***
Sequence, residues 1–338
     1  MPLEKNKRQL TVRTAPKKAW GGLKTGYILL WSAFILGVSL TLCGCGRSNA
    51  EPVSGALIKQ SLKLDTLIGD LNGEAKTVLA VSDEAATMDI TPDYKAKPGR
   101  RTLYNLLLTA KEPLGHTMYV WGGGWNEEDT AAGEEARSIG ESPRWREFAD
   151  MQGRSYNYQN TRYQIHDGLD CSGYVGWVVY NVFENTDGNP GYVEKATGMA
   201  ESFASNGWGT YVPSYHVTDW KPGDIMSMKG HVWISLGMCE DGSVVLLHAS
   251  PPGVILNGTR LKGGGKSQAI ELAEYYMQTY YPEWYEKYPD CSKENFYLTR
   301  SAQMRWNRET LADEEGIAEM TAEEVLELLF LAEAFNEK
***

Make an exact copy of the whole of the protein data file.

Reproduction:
Sequence, residues 1–338
     1  MPLEKNKRQL TVRTAPKKAW GGLKTGYILL WSAFILGVSL TLCGCGRSNA
    51  EPVSGALIKQ SLKLDTLIGD LNGEAKTVLA VSDEAATMDI TPDYKAKPGR
   101  RTLYNLLLTA KEPLGHTMYV WGGGWNEEDT AAGEEARSIG ESPRWREFAD
   151  MQGRSYNYQN TRYQIHDGLD CSGYVGWVVY NVFENTDGNP GYVEKATGMA
   201  ESFASNGWGT YVPSYHVTDW KPGDIMSMKG HVWISLGMCE DGSVVLLHAS
   251  PPGVILNGTR LKGGGKSQAI ELAEYYMQTY YPEWYEKYPD CSKENFYLTR
   301  SAQMRWNRET LADEEGIAEM TAEEVLELLF LAEAFNEK